The word, “cast” means to freely give, and “the waters” in the Scriptures is often a reference to mankind (i.e., the sea of humanity). The implication then is to “freely give” (in this case, bread) to others, for you cannot know what “evil” the days ahead might hold for you. A popular adage sums up a similar warning: “What goes around, comes around.” Solomon urged, while you have the power to give…GIVE, for the day may come when you will find yourself in want.

Illustrating the need to give while you are able, Solomon cited nature, using an illustration to which all could relate, writing, when “clouds be full of rain, they empty themselves upon the earth” (11:3). In other words, like clouds that do not hoard their lifegiving moisture, we should not be misers with the bounty of that which God has entrusted to us.

Some put off the opportunity or inclination to be charitable, looking for a time when it is more convenient, or the economy more favorable. They are like the lazy farmer; he procrastinates tending his fields, always looking for perfect weather, and a more convenient time for his labor (11:4).

God Has a Plan and Purpose for Your Life. (11:5-6)

Solomon did not have the privilege of scientific research such as we have today. He understood the baby’s body was formed in its mother’s womb (11:5); however, he did not know the essence of DNA (genetics) that guided the formation of that little one from conception (Psalm 139:15-16). The king did not know, and neither do we, how God made us uniquely who we are, imparting to us an eternal spirit, distinctly like no other.

Know this: You are unique, and God has a plan, and purpose for your life (11:5c). He has numbered your days (Psalm 90:12), but you cannot know the number of your years on this earth (11:6). While you are young (“in the morning” of your life), you should “sow thy seed” (give of yourself and your means as you are blessed). “In the evening” of life, when you are old (11:6b), don’t restrain your hand from blessing others. Don’t presume you can put off till tomorrow the good that you should do this day. Whether you are young or old, Do Right!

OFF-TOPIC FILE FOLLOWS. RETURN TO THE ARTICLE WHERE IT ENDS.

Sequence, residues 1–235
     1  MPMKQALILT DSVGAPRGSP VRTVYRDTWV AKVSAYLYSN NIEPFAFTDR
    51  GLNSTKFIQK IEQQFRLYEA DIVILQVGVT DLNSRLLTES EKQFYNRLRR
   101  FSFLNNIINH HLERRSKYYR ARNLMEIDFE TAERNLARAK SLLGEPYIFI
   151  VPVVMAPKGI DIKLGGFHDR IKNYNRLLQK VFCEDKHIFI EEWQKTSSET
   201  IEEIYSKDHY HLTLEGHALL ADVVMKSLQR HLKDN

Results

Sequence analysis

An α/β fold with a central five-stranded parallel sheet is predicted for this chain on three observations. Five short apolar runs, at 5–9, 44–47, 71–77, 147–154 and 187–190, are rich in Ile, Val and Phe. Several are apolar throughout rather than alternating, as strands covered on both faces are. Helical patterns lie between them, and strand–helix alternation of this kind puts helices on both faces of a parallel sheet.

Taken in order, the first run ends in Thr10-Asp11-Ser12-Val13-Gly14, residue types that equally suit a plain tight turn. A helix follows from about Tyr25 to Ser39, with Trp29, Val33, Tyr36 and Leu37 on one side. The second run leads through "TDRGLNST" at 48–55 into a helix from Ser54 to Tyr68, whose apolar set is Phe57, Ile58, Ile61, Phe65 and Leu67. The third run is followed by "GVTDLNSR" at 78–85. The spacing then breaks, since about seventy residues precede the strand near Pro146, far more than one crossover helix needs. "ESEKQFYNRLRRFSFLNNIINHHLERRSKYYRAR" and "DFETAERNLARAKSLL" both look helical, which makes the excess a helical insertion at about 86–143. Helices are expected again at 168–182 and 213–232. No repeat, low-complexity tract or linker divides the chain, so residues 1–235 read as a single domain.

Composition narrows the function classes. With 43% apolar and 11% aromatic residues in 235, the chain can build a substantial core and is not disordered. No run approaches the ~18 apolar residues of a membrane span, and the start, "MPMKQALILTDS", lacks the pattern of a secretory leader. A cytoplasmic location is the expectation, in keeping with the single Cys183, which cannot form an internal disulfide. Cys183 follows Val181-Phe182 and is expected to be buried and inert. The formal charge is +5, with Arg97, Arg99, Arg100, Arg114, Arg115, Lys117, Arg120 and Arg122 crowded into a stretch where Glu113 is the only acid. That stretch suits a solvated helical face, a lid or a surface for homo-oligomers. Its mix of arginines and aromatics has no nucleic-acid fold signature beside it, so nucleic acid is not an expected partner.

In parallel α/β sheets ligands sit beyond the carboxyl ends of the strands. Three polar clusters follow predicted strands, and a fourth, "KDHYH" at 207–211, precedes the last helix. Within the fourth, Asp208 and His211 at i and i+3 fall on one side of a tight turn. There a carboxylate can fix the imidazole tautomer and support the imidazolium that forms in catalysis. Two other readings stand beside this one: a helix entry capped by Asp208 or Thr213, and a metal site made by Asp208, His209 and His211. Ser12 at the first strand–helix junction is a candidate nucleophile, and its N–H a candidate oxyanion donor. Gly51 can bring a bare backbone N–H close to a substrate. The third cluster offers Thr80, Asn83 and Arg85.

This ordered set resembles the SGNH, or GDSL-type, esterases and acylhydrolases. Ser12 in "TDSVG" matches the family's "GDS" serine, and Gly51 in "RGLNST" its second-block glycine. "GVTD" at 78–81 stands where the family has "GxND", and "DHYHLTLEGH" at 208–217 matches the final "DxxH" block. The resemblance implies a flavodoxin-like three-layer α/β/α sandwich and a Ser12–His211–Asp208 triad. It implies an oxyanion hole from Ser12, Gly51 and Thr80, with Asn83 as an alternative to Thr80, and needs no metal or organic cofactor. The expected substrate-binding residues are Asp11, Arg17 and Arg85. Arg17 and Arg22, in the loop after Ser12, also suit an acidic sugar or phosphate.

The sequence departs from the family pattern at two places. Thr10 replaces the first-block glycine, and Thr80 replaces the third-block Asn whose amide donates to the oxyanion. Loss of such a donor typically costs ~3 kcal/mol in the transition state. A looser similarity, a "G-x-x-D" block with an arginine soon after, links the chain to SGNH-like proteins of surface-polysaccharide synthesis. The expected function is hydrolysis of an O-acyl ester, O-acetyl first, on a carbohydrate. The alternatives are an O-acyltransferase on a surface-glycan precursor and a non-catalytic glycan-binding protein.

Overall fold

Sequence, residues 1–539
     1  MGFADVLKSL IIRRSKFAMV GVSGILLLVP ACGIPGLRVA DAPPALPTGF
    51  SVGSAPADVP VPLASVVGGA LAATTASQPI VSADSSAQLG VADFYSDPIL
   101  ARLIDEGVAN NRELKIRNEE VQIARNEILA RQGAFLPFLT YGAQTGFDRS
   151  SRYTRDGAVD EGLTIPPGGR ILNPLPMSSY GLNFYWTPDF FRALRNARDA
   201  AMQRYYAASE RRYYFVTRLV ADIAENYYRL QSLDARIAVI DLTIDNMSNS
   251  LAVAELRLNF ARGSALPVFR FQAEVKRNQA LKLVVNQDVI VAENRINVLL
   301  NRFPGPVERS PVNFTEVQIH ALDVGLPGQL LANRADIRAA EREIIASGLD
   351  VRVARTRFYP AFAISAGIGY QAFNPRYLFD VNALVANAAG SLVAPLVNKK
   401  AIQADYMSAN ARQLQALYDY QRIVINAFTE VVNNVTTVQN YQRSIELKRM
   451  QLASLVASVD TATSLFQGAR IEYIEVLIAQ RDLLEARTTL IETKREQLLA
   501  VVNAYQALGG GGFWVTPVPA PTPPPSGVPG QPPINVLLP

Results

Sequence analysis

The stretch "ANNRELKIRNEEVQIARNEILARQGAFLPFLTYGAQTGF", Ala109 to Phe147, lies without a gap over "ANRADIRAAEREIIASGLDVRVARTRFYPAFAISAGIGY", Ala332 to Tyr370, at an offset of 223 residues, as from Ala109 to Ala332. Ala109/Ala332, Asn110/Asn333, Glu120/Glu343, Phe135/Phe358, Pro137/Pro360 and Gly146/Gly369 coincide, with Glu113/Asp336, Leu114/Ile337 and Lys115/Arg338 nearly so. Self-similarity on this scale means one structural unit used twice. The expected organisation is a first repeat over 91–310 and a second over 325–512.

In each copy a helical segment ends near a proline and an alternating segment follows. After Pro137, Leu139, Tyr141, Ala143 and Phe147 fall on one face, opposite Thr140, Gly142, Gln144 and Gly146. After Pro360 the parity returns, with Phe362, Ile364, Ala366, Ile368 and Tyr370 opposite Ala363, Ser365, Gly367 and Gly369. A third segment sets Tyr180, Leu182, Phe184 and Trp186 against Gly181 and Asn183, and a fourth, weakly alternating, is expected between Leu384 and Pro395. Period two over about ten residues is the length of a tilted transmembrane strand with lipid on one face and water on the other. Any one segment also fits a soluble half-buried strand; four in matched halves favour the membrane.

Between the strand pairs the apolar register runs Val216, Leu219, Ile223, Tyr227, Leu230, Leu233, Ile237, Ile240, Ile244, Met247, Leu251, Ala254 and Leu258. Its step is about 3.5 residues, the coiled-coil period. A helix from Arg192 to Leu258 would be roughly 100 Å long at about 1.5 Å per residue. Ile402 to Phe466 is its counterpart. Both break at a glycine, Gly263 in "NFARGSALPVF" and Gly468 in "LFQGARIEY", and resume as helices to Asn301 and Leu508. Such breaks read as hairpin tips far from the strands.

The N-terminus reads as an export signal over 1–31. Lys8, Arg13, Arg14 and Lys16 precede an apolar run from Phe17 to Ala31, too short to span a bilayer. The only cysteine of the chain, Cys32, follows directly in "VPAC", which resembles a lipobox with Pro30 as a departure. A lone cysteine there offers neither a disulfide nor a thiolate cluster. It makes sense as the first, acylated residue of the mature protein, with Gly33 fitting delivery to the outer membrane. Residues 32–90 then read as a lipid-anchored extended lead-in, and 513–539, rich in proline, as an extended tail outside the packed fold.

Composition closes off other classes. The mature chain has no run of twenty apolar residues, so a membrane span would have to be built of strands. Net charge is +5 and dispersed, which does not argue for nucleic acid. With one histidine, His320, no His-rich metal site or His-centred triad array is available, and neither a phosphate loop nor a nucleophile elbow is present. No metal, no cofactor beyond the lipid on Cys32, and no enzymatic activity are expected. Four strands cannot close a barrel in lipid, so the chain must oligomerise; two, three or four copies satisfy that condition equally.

Wise Men Enjoy the Good Times, But Plan for the Bad. (11:7-8)

The light of a sunrise is welcomed, and when you are young it promises a day that is “sweet, and a pleasant thing” (11:7). The sun of spring and summer brings warmth, and the promise of growth and harvest; however, look ahead, and know “the days of darkness [cometh], for they shall be many” (11:8). Live for today, and fail to plan for the failings and frailty of old age, and you will say, “All that cometh is vanity” (11:8c).

Rejoice in Your Youth, but Remember God will be Judge. (11:9-10)

 Ecclesiastes 11:9 – Rejoice [Be Glad; Joyful], O young man, in thy youth; and let thy heart cheer thee in the days of thy youth, and walk in the ways of thine heart, and in the sight of thine eyes: but know thou, that for all these things God will bring thee into judgment.

“Rejoice,” be glad in the strength of your youth! Enjoy life, but remember, the sins of one’s youth are a draft on old age. “God will bring thee into judgment” (11:9b).

The foolish man counsels the young to, “sow their wild oats,” but fails to warn: the wild seeds planted in one’s youth will sprout weeds that will choke the joys from their future (11:9b).

“Therefore remove [depart] sorrow [anger; wrath] from thy heart, and put away [do away; remove] evil [sin; wickedness] from thy flesh: for childhood and youth are vanity” (Ecclesiastes 11:10 )

Closing thoughts – The king urged youth to not mull over youthful grievances, nor allow them to become a flashpoint for anger and bitterness. The king challenged, “put away evil,” and give no place for the sins and lusts of the flesh.

The apostle Paul, in his letter to Timothy, wrote:  “Flee also youthful lusts: but follow righteousness, faith, charity, peace, with them that call on the Lord out of a pure heart” (2 Timothy 2:22).

To put away sin, you must be fill the void with righteous choices, and godly attitudes. (Ephesians 4:22-32)

Copyright © 2021 – Travis D. Smith

Five Profound Truths for Life and Happiness (Ecclesiastes 7; Ecclesiastes 8)

Scripture reading – Ecclesiastes 7; Ecclesiastes 8

You will find similarities between the Book of Ecclesiastes and the proverbs of Solomon from his earlier days. Time and space do not permit me to set forth a comprehensive study of both Ecclesiastes 7 and 8. This devotion will offer a summary of Ecclesiastes 7.

Ecclesiastes 7

Solomon returned to a comparative pattern we often observed in the Book of Proverbs. There he contrasted the choices of life with the comparative, “Better…Than” (7:1-10) statements found throughout the book. I invite you to consider five “better…than” truths recorded in the first five verses (7:1-5).

  • Better to have a “good name” and your integrity, than a man of wealth who affords the riches of a “precious ointment” (i.e., expensive perfume, 7:1).
  • The “day of [one’s] death” is “better than the day of one’s birth” [Solomon again reflecting on the trials and oppressions of this world] (7:1b).
  • Better to mourn at a funeral, than to gorge at a feast with fools (7:2).
  • Better to have a soul refined by fiery trials and sorrows, than a shallow life that knows only pleasures (7:3-4).
  • “Better to hear the rebuke of a wise” man, than be entertained by “the songs of fools” (7:5).

Five Profound Truths for Life and Happiness (7:11-22)